When a muscle has been trained for more than it would have normally developed naturally, and then not used for a while, it will naturally ‘atrophy’ back to its normal shape.
It takes four times longer to develop a muscle than it does to lose muscle, which is why illness resulting in bed rest can have such a drastic effect on your muscles.
Muscle atrophy also occurs when an unbalanced saddle puts too much pressure on a particular muscle, and the horse tries to avoid this pressure. He goes into ‘defensive mode’ by contracting the muscle in the area (as well as the surrounding muscles) and can even alter his gaits. Under the point of pressure where circulation is impacted (thus reducing nutrients and oxygen to the affected area) the muscle will ‘undevelop’ or atrophy.
As explained by veterinarians, atrophy will occur under severe instances of constant pressure which will first damage the hair follicles (resulting in hair loss and/or white hair). This can be reversed only when the cause is addressed (i.e., the pinching saddle), which will allow the muscle to regrow although the white hairs remain.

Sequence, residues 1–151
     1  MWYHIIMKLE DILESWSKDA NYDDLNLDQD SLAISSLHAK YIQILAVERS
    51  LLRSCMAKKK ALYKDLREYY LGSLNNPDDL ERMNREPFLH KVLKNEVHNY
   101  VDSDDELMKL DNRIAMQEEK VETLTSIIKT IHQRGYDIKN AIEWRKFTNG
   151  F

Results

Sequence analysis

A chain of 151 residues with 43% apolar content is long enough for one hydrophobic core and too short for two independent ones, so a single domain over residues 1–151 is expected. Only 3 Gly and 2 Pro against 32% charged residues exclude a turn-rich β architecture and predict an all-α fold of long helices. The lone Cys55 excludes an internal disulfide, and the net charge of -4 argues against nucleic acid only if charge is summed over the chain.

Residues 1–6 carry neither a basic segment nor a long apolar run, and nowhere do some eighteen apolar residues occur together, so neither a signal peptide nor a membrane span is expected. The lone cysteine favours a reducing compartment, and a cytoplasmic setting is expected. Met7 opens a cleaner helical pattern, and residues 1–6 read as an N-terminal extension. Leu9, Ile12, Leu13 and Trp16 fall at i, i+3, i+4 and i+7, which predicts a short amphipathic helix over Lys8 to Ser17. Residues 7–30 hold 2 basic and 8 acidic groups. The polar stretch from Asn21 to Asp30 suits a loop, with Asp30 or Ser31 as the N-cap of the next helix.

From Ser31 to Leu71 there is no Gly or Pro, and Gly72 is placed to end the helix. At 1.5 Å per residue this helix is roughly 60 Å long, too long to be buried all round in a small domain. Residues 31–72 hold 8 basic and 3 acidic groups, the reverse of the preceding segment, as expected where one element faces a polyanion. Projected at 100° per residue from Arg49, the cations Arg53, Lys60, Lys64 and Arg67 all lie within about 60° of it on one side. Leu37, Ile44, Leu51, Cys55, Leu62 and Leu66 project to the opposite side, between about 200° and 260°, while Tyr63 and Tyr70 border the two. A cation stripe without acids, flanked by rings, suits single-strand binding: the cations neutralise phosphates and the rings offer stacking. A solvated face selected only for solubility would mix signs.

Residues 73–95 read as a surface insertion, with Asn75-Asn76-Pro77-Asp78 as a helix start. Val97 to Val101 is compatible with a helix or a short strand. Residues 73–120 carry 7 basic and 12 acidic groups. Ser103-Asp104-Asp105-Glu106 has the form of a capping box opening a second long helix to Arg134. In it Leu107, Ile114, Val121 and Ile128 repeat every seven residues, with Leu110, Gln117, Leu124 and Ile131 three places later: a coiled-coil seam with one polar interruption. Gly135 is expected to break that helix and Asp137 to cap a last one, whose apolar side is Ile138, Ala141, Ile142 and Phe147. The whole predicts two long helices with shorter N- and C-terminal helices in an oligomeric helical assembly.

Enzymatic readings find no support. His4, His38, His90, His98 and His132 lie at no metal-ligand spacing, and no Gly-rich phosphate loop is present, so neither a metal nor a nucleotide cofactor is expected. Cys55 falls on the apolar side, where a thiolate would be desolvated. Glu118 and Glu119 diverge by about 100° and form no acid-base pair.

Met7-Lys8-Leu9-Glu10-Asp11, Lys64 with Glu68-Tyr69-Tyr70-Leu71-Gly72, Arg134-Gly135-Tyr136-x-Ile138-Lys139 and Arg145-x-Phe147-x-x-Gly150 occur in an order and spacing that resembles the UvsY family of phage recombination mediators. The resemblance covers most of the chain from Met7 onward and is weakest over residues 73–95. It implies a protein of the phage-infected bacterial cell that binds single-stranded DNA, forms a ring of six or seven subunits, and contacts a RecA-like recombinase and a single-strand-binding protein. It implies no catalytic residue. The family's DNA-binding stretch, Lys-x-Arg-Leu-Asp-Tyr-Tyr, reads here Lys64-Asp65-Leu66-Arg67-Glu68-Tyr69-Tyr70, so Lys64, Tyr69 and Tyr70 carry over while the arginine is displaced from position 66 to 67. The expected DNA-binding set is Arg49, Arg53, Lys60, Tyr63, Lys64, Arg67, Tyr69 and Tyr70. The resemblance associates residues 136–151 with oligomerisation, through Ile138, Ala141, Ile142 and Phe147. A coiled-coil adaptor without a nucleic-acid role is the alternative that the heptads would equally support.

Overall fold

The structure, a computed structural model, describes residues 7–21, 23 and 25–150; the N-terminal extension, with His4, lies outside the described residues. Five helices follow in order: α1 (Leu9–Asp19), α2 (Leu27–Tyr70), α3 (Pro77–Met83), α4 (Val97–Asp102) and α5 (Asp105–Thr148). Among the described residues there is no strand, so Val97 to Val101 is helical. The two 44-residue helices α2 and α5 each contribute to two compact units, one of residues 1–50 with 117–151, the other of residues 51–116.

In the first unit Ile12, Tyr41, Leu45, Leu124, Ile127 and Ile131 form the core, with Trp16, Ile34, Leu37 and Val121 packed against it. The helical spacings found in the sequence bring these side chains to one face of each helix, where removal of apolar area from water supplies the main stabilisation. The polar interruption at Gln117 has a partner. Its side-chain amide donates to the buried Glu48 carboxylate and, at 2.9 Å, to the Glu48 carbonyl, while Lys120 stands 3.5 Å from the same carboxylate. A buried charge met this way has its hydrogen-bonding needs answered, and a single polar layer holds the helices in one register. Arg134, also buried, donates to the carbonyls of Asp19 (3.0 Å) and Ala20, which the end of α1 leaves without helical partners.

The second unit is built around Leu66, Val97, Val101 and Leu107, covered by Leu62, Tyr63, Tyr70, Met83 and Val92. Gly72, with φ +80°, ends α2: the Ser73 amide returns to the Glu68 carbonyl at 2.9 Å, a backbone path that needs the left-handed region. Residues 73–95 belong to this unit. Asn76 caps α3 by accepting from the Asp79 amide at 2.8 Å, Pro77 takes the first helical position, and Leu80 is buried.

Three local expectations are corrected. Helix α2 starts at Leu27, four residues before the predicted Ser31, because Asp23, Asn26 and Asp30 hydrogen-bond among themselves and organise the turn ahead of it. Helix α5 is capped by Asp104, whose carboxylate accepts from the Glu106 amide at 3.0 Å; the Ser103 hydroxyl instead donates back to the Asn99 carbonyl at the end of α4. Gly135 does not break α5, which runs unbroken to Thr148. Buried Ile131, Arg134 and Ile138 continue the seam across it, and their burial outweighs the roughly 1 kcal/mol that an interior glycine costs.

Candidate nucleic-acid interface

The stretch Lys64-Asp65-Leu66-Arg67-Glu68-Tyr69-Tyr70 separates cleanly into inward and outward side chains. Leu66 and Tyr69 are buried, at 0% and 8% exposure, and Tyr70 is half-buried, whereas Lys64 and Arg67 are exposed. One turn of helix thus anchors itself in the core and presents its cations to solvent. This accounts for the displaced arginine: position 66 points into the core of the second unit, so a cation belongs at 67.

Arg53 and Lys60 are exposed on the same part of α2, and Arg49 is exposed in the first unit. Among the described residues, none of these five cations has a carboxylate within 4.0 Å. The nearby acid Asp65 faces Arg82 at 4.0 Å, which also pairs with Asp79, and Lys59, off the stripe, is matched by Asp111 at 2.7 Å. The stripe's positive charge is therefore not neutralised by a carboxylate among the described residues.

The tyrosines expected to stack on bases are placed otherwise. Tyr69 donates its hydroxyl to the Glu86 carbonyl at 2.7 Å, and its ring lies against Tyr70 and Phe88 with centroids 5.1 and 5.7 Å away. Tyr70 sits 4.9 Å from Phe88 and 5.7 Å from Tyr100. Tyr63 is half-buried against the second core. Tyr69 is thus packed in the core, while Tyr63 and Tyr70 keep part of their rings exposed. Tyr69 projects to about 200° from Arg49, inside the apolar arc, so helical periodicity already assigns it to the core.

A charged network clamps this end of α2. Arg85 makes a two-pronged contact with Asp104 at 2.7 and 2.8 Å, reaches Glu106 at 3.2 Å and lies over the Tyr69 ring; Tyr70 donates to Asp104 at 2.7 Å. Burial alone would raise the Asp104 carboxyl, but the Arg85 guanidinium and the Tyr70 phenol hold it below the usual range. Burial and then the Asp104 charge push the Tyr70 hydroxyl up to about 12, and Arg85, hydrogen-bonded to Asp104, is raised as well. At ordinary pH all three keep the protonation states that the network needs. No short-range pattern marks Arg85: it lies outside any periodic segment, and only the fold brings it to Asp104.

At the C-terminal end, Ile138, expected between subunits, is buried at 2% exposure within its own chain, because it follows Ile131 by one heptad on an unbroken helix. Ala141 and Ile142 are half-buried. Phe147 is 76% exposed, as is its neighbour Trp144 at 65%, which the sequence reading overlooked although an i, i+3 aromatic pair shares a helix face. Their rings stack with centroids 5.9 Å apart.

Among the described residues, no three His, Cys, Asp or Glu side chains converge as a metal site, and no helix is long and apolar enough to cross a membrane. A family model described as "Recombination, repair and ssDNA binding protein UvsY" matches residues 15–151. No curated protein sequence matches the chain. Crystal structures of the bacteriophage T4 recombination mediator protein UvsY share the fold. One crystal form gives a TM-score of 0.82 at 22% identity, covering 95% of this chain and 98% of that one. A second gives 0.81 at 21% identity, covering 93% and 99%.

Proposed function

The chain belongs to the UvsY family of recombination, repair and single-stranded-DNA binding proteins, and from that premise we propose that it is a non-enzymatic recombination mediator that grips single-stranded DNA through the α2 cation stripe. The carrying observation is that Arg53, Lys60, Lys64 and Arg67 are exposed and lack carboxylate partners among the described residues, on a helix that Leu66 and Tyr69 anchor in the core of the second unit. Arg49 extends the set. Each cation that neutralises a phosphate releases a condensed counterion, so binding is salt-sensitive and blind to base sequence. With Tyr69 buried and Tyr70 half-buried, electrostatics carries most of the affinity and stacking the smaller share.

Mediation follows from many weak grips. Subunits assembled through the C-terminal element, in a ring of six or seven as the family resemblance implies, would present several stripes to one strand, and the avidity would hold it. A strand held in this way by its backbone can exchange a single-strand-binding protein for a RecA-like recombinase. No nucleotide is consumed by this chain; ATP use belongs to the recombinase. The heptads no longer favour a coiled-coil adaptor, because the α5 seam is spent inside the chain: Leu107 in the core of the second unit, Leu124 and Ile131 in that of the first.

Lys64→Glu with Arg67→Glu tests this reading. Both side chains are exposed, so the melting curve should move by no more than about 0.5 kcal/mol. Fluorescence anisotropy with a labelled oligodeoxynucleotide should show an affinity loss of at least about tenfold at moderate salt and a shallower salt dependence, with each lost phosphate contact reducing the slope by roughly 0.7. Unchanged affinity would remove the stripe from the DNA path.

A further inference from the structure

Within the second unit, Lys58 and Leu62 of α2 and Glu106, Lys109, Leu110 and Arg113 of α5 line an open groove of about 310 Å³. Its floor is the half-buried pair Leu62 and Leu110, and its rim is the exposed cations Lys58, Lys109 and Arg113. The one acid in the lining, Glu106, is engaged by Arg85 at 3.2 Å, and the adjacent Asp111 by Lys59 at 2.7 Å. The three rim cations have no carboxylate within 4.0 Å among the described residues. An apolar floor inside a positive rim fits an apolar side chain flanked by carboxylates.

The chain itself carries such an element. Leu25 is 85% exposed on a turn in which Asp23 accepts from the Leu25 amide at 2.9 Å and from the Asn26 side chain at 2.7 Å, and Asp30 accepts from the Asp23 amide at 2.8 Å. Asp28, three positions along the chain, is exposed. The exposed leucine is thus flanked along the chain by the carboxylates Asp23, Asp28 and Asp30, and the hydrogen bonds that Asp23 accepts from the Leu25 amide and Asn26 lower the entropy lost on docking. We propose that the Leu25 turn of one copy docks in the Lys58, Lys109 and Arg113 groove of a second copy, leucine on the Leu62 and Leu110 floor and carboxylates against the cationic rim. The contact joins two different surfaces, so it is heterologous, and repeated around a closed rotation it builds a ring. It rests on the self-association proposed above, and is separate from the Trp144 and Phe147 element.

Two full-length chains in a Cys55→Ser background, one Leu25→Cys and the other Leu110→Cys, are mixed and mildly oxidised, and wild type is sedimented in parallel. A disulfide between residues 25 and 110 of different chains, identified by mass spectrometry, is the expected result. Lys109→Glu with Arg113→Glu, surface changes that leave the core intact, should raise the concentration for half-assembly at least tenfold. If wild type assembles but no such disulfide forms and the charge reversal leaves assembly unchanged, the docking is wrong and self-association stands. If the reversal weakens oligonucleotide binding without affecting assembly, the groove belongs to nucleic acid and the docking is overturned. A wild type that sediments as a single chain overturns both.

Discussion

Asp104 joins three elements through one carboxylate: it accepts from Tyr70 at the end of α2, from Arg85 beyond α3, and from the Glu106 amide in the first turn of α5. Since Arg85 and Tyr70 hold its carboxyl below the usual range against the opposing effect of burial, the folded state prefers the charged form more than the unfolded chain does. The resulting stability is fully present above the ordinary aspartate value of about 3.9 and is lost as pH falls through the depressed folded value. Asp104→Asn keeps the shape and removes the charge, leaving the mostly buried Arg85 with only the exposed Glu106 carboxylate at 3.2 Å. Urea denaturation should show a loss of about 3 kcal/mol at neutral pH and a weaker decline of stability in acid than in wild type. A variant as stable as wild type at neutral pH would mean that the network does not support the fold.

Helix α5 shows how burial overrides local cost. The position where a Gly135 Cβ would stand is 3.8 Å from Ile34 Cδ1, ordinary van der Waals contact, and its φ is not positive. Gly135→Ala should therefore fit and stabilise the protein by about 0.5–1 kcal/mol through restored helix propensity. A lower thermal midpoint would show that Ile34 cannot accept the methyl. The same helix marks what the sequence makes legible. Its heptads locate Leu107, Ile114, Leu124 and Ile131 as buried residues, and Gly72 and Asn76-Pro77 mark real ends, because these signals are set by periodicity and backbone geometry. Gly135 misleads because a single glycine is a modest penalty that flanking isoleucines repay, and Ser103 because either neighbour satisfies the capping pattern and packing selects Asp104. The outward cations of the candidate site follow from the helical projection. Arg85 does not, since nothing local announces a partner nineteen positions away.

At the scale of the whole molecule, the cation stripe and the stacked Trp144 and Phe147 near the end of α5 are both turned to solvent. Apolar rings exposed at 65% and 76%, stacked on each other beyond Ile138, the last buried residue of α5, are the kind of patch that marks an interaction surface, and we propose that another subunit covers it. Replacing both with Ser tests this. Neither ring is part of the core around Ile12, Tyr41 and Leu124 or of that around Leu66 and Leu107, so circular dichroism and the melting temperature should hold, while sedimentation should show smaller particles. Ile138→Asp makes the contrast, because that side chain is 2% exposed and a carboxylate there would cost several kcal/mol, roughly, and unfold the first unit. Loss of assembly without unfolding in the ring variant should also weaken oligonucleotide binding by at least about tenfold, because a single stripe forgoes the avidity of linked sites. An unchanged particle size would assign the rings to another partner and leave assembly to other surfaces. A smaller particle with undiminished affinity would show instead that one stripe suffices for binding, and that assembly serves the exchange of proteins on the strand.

Muscle memory will help in the rebuilding of atrophied muscles if these were properly trained. It will take significantly longer to build up untrained muscles or incorrectly trained muscles.
Muscle definition can actually be a form of atrophy – but it is negative definition in this sense. Positive definition is development of muscular conformation as expected during proper training; negative definition happens when defensive contraction occurs to counteract a poorly fitting saddle.
This negative muscle definition is considered ‘hypertonic’ which means the contraction phase of the
muscle(s) is unnaturally long and in a state of abnormal tension. This results in tight, cramped, and painful muscle development – which can look like atrophy.
Jochen Schleese was certified as the youngest Master Saddler ever in Europe in 1984, and in 1986 was asked to be the official saddler for the World Dressage Championship.
He received a patent for a revolutionary saddle design in 1996 and is recognized as an authority on saddles.
For more information, visit www.schleese.com, or read Suffering in Silence: The Saddle Fit Link to Physical and Psychological Trauma in Horses, by Jochen Schleese.